So we went on the slide. I don’t know if it’s because I have such a flat bottom (I am the direct opposite of Kim Kardashian. She got my share of bottom muscle/flesh, I’m sure of it. No one has a bum that big), but I always find these slides uncomfortable. My sitting bones bomp uncomfortably over each join in the plastic (i.e. every metre). Although Noah is a big fan of the slide, he is not a fan of the steps leading up to the slide, which have soggy bits of grass all over them. He is not a fan of the black rubber mat you stand on whilst getting on the slide. He is not a fan of the water that rushes out of the top of the slide. But still, we went on the slide five times. It was then 11.30 and I could claim it was lunchtime. And my bum was bruised.

A small roll for lunch
A small roll for lunch

After lunch, I wondered what we could do next. Noah made a half-hearted attempt to play in the little playground (two swings, some springy chicken things, a roundabout and a sandpit) but it was too hot and he ended up sitting on the grass gazing at the other children, chewing the ears on his toy lion. I took him to the shop so he could choose himself a swimming pool toy to keep him occupied. He’d seen a boy with one of those long thin float tube things and coveted it, but he didn’t choose that, he chose a water gun. We went to the kids’ pool and he played with the gun happily for ten minutes, taking great delight in squirting me. But then he threw the gun down and sat on the side watching it drift away, elbows on his knees and his chubby fist pressed into his chubby cheek.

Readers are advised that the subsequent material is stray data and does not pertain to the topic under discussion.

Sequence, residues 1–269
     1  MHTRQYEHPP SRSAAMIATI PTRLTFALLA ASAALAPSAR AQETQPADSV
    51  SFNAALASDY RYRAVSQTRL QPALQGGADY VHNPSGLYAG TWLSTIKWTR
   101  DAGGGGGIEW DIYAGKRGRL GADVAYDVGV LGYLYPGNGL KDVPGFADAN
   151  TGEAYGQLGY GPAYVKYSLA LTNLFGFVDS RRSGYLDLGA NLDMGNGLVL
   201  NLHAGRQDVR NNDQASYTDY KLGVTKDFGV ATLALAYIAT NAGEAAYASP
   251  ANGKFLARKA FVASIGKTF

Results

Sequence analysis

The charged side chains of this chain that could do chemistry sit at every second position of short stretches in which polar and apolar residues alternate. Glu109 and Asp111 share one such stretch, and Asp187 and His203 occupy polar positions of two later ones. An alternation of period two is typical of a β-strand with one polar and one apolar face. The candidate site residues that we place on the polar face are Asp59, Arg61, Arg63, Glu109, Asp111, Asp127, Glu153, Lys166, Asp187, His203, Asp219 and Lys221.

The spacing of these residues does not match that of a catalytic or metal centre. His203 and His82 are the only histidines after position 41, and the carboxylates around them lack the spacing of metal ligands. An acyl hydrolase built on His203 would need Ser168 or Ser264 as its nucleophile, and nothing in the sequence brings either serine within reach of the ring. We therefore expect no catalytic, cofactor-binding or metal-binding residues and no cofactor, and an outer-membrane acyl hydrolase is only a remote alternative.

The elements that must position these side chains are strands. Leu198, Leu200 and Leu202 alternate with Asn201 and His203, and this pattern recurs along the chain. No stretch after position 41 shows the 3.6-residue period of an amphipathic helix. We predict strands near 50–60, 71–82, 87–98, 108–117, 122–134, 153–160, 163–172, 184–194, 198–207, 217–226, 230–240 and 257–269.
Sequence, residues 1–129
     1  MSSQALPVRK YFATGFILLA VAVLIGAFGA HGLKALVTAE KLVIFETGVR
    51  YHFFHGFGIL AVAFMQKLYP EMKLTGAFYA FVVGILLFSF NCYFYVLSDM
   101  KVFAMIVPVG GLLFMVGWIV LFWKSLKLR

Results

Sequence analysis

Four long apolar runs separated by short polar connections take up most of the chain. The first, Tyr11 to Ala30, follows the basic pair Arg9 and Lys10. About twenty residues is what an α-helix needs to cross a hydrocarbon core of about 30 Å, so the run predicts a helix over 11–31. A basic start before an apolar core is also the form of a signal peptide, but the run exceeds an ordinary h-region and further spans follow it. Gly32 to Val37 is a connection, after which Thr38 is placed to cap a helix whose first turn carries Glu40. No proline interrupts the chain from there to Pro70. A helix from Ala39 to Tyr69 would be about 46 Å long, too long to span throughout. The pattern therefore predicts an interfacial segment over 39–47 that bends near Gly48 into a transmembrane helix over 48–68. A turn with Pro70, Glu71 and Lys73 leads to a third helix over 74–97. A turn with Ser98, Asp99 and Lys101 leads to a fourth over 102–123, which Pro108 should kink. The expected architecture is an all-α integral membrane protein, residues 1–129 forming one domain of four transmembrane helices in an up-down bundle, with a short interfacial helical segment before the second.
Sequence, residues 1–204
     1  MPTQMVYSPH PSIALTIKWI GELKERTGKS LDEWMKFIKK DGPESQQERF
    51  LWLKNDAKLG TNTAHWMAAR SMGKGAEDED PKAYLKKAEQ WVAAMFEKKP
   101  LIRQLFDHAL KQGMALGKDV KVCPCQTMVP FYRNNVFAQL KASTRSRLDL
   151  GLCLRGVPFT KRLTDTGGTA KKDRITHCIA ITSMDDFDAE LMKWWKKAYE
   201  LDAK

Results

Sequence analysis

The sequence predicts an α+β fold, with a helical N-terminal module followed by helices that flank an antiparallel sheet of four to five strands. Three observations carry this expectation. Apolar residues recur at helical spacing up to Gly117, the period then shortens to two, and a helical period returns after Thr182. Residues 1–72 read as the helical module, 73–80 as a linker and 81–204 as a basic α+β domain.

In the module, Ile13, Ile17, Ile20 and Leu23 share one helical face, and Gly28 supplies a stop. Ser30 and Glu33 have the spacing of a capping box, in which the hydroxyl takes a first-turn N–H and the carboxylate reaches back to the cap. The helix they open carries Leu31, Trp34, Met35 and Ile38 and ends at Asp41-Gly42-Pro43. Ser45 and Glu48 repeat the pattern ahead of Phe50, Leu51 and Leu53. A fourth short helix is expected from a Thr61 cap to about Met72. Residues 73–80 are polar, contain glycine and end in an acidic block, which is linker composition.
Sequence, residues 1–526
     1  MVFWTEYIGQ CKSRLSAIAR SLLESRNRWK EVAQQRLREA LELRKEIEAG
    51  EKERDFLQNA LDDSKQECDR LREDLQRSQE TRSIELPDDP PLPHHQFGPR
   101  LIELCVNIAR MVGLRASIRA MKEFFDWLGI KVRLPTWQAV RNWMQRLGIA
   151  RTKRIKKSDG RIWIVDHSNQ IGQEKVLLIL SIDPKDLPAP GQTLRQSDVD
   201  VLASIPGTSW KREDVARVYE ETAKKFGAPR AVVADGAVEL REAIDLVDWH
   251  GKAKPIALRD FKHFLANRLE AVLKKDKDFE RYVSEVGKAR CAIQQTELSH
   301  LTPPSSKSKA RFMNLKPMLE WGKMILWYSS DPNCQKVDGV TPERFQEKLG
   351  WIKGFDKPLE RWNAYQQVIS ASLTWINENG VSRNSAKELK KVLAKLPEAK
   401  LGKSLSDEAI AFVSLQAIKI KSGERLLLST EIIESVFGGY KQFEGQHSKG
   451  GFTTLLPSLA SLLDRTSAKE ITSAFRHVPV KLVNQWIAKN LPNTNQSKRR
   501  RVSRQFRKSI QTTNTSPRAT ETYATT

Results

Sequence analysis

What else was there to do? We got an ice cream and went back to pack up our stuff. Noah laid on the picnic rug sleepily and refused to move. I felt his pain. There was nothing I wanted to do more than lie down on that rug and have an afternoon siesta. But if he sleeps at lunch, he is up till nine and I love the boy dearly but I don’t need his company till nine o’clock at night. So I picked up the rug and rolled him off. Then I put him on the scooter, which no one had stolen, attached the scoot n pull and dragged him home.

The moral of this story is, always leave the swimming to my husband. I am much better as a fond observer.

My Noah and I are looking forward to Thursday when it’s going to drop to a chilly 26 degrees.

A much needed new bit of tat
A much needed new bit of tat



The Twinkle Diaries